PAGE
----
Exploring the Stories of the Islands and the Freedoms of Third Age

Requiem for the Typewriter


The news shared by this article from the April 26th Daily Mail (sorry to mention that, but it is where I found the story) spawned a tide of blog posts, comments and articles on the day, so let me add mine, because the story made me realize how important in my life the typewriter was.

Before I begin, let me explain that this comes to you from the same person who used to stand outside the basement vents of the local newspaper, listening to the “music” of the presses as they clattered out the evening edition, hoping by some miracle that some journalistic vibes would transfer from them to me.  It never happened, of course.

The typewriter was another symbol of the dream I never fulfilled.  If I close my eyes I see Spencer Tracy or Clark Gable, sleeves rolled up, hat at a rakish angle, pounding away at the finishing touches to a scoop.  One day my mom brought home an old one from her work, there were two keys missing, but how I loved writing my pathetic, little stories and imagining myself in some far-flung corner of the globe, filing reports that would change the world.  How satisfying was the clatter and the whizz-bang as I returned the carriage at the end of the page!

Typewriters = writing.  Never occurred to me that typewriters for some people equalled being a secretary. After school I enrolled in a Business Studies Course, partly because it taught touch typing – to the girls that is!  When we were learning to stretch our fingers the correct distance, the boys were having extra accounting lessons.  Clearly none of them dreamed of being a writer,  nor did any of the staff expect it of us, to my horror.  By the end of the first term I’d sussed that this new course was seen only fit to produce a higher level of secretary or account clerk.  The girls were forbidden to wear trousers for typing lessons!  Can you imagine?  I honestly find it hard to believe that this was a world I lived in.  No matter how cold it was (and it was a very cold winter) we had to turn up in stockings (tights/pantyhose were just coming out then) and neat, knee-length skirts.  “Ladies, you will dress for my lessons just as you would dress when you go to work.”  We had one of those old dragons of a teacher you see usually only in old black and white movies of a certain era,  tight-lipped and disapproving of our youth,  but I digress.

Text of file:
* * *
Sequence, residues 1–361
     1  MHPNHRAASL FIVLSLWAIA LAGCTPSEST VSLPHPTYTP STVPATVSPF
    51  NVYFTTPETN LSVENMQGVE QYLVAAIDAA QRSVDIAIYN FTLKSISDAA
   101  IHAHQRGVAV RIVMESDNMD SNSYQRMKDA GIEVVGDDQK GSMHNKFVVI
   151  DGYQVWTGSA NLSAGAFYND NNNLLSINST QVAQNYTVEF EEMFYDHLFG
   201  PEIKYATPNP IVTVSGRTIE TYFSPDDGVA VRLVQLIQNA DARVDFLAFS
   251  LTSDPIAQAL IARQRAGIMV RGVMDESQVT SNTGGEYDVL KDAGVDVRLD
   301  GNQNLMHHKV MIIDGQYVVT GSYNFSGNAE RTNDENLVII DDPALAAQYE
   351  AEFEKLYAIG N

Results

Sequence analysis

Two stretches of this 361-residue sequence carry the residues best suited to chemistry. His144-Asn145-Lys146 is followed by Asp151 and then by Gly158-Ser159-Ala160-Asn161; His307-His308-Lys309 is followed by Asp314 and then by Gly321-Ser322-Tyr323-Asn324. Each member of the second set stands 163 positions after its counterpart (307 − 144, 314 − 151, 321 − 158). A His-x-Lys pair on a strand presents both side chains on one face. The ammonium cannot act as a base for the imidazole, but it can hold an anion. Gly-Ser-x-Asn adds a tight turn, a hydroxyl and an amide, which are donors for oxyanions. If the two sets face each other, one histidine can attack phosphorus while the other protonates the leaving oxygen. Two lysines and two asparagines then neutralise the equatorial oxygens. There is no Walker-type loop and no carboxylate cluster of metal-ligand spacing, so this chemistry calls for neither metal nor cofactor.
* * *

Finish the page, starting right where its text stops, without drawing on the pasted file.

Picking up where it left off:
I fled from college pursued by the demons of mediocrity and self-doubt, which took up residence on my shoulders for a very long time thereafter.  I got that secretarial job (oh it was temporary and there was a plan, but that’s a whole other story), and I pounded away at a typewriter for, well, far too long.  At some stage in those following years the clunky, manual variety became electric.  I missed the clickety-clack, but liked that I could type faster.  I did my mourning back then.

That was the state of play when I emigrated.  I’m fairly sure I must have brought my portable electric typewriter with me, but it’s not something I remember.  I certainly had one at home.  By that time they had long been the norm back in the UK, but there was zilch romance attached to them.

So I was surprised to find the old, manual ones still in use here in banks and lawyers’ offices on Tenerife when I arrived,  not so much for the day-to-day stuff, in fact, by then word processors were coming in, but for when duplicate documents were need for immediate signing.  A lawyer or bank manager would think nothing of pulling over a small table on wheels where the chunky old model sat, and applying two fingers in halting and heavy fashion to produce the document themselves.  I’ve seen this even in quite recent years, so now I am wondering what on earth they will do without them!  I would bet my bottom dollar that those 10,000 they were producing up to 2009 were sold in Spain!